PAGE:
The issue is going to be who is going to fund this infrastructure and super-structural projects. Essentially, it is Europe that needs this gas, if it is going to be done in a really big way. And I don’t think Europe will have this money after the Ukrainian war, after the economic disasters and the lack of cheap energy in the future.

Who is going to have this money? China, for instance, could be a big funder of these infrastructure projects in the future. What is there for them? It might take the place of big regional settlements where investment comes from China, which is integrating a whole load of regions, including Azerbaijan, Armenia, Georgia, Iran, Central Asian countries, etc, etc. Such a design could be within the best interests of the Eurasian project, so to speak. It could occur. But I cannot see Europe’s interests in it.

For Azerbaijan’s interest, it would be beneficial perhaps. I simply think economics goes against Europeans pulling the money into their pockets and funding such a project. It is more likely to be a Eurasian project in the long run.

Tory leadership race

Q: There is a project proposed by the US-based Trans-Caspian Resources envisaging a shorter pipeline. However, it remains unclear as to where the money will come from.

On a final note, my last question is going to be about the Tory leadership race. Boris Johnson’s decision to resign is, I think, a great loss to the Conservative party, and ultimately a victory for Labour. I believe history has an uncanny propensity to distinguish substantial matters from trivialities and I believe, in the fullness of time, the substance will prevail. Boris has a grand persona and character, being capable of realising the seemingly impossible.

Now we have Sunak vs Truss. The latter is regarded as Boris Continuity. My feeling is that, although within the parliamentary Tory party, Sunak has greater support, when it goes to the membership, Borisian sentiments will prevail and Truss will take the glittering prize. What is your take on this?

A: I agree with a lot of what you have said, Orkhan. I think Johnson was overthrown on trivial matters. Somebody may say those were not trivial things. Some of the things that were regarded trivial in the past now has been erected to substantial things, which none of those things were. The Tory rank and file now regret the demise of Boris Johnson. Probably if they could have changed their minds, they would probably do it.

So, we have two candidates, Rishi Sunak, the former Chancellor, and Liz Truss, the Foreign Secretary. Yes, Rishi Sunak wielded the knife, and, of course, he is going to pay a heavy price amongst the membership.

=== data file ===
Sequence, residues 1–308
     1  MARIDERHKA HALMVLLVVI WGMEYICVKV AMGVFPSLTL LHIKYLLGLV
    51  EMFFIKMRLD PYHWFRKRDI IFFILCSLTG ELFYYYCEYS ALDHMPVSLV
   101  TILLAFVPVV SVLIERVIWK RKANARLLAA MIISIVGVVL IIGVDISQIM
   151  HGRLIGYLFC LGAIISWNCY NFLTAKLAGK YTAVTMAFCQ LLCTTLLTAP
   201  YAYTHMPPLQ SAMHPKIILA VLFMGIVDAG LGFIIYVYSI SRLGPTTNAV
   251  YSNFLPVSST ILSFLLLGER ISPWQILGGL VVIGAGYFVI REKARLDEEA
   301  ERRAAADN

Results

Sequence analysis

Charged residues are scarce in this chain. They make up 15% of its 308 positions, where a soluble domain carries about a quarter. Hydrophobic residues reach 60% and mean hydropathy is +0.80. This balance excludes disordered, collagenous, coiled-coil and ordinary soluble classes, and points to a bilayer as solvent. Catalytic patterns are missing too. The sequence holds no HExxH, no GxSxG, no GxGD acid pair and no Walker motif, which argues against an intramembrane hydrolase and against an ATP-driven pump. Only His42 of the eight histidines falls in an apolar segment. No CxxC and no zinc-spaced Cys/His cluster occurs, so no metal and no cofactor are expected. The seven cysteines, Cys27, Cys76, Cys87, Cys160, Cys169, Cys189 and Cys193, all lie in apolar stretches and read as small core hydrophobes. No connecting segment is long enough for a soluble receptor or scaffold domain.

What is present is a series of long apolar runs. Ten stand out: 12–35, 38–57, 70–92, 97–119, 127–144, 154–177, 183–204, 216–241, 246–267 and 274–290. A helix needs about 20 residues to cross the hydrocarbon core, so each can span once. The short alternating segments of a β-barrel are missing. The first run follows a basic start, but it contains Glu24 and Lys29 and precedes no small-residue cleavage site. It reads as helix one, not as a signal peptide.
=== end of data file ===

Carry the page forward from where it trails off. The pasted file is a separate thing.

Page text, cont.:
To me, Liz Truss has more political ability than Rishi Sunak, who seems to be performing particularly poorly in his presentations. He was the Chancellor and is now too tied up to the rather unpopular policies of taxation, unpopular amongst the Tory rank and file. He will pay the price for that too.

Boris has actually put a knife into Sunak himself in the final PMQs, where he made references to certain things he thought the next leadership should do. It was like writing a job description for a candidate you want to take your job. That is what he did.

I see Truss winning the election amongst the members. But she is not a Johnson. That is the problem for her. That is why she might struggle to win an election. Johnson was essentially a maverick. He had an appeal amongst the ordinary people of England, particularly. Liz Truss won't have the same I think. Johnson was a Macmillian-type Tory. Just remember the old Tory patronage system. 'One nation Tory' was the word for him.

Truss is positioning herself as a Thatcherite, which is not what Johnson was. Margaret Thatcher has a lot of kudos in Tory circles. She is also very unpopular amongst the large section of people in England as well. So, this may not win an election. And, possibly, Boris will come back after the election and we will be glad to have him back.

Q: Boris Johnson has surmounted myriad impossibilities. He was Mayor of London for two terms; his major achievement was that he won in London, a Labour-inclined city, not because he was a Tory, but because he was Boris. He made Brexit possible, and achieved a landslide victory. Am I right to conclude that you believe the project 'Return Boris' is not unfounded?

A: It is a possibility. It is not very usual in British politics that ex-PMs make a comeback. But I think in this case, as is the case with Donald Trump, there is a possibility. In Trump's case, the disasters of Biden's Presidency make his return possible. In this case, the potential disasters of the next year or so make it possible. Anybody will struggle to pull the UK out of this situation it has got itself into, and, I think, Boris could have another "inning", to put it in English cricket terminology.

Q: Pat, thank you very much for your time. I am more than grateful. Time is flying and stands still for no man. I would love this conversation to continue ad infinitum preferably, in Dublin or Belfast, which I am sure will happen very soon.

A: Thank you, Orkhan. Delighted. Looking forward to our further conversations.